Back in September, New Scientist magazine published an article on the “EmDrive”, a machine purportedly able to propel itself using microwaves bouncing inside a box. Those of us who remember the Dean drive and umpty-ump other wonder machines have no trouble recognizing this as the same old stuff: like all the wonder-powered spacedrives before it, it can only putter forward by violating the conservation of momentum. New Scientist‘s reportage provoked science-fiction writer Greg Egan to write an open letter saying he was “gobsmacked by the level of scientific illiteracy” the magazine showed.

So it goes, as they say on Tralfamadore. Claims of exotic spacedrives fuelled by violations of fundamental physics are, sadly but understandably, about twopence a dozen. The aspect of the affair which Egan found truly disturbing — indeed, reprehensible — was the way New Scientist glibly provided a “news” piece full of pseudoscientific gibberish purely to justify how the EmDrive might work. (Their argument really pushed the limits of the absurd, too: Einstein’s relativity has momentum conservation built into its mathematical structure, so you can’t use relativity jargon like “reference frames” to sidestep the conservation law.)

Egan posted his letter to the moderated Usenet group sci.physics.research, and the physicist John Baez put a copy on the blog he co-hosts, The n-Category Cafe. This spurred enough people to write New Scientist that the magazine opened a blog thread to discuss the issue, opening with a self-exusing note from the editor, Jeremy Webb. (Said note, as far as I can tell, satisfied nobody.)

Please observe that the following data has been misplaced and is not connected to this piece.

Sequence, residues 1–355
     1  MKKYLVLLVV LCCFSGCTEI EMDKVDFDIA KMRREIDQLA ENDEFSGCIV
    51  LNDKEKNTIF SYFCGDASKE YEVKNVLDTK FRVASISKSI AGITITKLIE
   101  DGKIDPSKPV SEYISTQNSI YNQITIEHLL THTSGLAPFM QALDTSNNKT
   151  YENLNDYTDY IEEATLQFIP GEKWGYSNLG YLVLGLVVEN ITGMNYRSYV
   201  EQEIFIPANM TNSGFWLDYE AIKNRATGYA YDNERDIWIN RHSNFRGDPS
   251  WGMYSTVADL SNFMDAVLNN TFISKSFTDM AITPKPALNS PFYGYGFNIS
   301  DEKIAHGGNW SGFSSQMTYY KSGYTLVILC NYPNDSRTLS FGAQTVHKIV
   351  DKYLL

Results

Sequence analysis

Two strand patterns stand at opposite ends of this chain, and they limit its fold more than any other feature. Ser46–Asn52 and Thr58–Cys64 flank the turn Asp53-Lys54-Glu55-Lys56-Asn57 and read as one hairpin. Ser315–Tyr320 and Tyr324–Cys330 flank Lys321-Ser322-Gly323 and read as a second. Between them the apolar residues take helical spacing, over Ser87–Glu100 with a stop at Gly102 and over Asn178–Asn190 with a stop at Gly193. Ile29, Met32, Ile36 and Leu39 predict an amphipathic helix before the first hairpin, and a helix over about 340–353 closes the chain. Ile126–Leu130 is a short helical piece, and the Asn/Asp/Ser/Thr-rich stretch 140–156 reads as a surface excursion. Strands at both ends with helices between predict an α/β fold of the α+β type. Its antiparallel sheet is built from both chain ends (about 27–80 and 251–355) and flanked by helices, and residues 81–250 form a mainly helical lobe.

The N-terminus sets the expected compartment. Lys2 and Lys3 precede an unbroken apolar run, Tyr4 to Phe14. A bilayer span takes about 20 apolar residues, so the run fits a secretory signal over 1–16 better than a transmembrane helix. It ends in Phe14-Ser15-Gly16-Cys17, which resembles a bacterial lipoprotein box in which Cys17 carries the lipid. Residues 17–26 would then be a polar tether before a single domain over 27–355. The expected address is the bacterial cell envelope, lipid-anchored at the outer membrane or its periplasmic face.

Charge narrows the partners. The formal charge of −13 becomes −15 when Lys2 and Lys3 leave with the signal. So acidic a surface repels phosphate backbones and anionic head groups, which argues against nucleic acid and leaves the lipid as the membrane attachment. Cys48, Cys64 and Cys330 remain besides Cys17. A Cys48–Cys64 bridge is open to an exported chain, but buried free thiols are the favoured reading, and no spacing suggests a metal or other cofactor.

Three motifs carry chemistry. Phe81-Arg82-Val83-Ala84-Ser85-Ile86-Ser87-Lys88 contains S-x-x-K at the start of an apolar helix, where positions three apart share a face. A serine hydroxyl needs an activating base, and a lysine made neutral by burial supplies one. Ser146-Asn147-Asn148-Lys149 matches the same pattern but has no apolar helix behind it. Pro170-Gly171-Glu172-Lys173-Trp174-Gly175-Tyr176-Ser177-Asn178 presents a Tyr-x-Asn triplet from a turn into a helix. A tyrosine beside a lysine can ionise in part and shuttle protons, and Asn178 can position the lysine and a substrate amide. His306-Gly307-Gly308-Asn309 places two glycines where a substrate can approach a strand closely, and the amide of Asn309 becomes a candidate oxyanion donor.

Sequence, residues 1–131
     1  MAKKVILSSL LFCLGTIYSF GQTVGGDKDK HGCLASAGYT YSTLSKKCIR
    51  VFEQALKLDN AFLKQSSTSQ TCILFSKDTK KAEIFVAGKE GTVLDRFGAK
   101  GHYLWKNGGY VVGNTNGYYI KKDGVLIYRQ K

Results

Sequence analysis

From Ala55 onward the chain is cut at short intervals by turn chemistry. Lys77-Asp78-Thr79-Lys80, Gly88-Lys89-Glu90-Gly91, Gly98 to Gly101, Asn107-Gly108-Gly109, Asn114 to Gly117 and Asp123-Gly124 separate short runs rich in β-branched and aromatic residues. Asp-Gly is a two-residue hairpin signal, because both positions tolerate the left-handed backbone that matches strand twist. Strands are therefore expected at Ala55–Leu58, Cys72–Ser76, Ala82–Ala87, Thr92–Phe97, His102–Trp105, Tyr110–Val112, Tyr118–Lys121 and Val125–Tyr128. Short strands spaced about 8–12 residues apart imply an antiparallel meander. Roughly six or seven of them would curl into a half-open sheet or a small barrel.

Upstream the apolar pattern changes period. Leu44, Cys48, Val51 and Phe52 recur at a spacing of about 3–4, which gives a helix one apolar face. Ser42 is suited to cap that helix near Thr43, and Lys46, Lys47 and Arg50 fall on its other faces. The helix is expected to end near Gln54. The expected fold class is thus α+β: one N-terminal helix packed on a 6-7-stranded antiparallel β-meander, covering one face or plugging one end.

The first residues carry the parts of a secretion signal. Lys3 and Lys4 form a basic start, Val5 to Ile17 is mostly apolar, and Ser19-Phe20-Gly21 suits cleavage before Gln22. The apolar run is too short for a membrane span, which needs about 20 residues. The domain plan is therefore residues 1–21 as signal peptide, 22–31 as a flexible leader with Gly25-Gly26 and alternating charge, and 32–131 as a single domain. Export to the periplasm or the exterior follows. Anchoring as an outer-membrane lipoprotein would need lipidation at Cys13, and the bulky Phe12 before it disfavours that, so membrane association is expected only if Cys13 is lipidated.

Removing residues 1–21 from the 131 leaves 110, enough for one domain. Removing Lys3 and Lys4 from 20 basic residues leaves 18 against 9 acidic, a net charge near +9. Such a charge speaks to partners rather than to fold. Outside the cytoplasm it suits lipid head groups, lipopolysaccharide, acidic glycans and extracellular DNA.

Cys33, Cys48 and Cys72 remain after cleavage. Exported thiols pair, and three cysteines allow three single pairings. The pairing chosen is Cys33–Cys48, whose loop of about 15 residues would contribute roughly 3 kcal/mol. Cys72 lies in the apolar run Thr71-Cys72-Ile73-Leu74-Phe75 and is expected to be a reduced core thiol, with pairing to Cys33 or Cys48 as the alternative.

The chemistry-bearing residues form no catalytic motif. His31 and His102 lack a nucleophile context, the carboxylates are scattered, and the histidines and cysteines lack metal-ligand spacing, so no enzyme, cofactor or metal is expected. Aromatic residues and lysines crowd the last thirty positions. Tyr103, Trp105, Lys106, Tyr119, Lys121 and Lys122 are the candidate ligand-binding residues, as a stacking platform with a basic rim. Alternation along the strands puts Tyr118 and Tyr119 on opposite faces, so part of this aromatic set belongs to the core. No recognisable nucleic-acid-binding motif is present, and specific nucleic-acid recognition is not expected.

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I Guess It’s a Deuteron

Seed has just offered the world a “Cribsheet” on string theory. It looks pretty slick, although their portrayal of a “hydrogen atom” seems to have an extra nucleon (as Wolfgang notes in the Cosmic Variance thread). I’m inclined to forgive the multiple electron orbits, since they only show one actual electron — and besides, ellipses aren’t that great a way of drawing orbitals anyway.

(Incidentally, if you want to see orbitals in video, check out episode 51 of The Mechanical Universe, available for free online via Annenberg Media.)

They do cite Barton Zwiebach’s First Course in String Theory (2004), which gives me a slight tinge of pride. I mean, somebody had to work the problems in the last five chapters to see if they were solvable by students and not just professors.

The portion of this post below the fold is a rough draft of several different rants, developed in embryonic form and smushed together. Read only if you’re exceptionally curious.
Continue reading I Guess It’s a Deuteron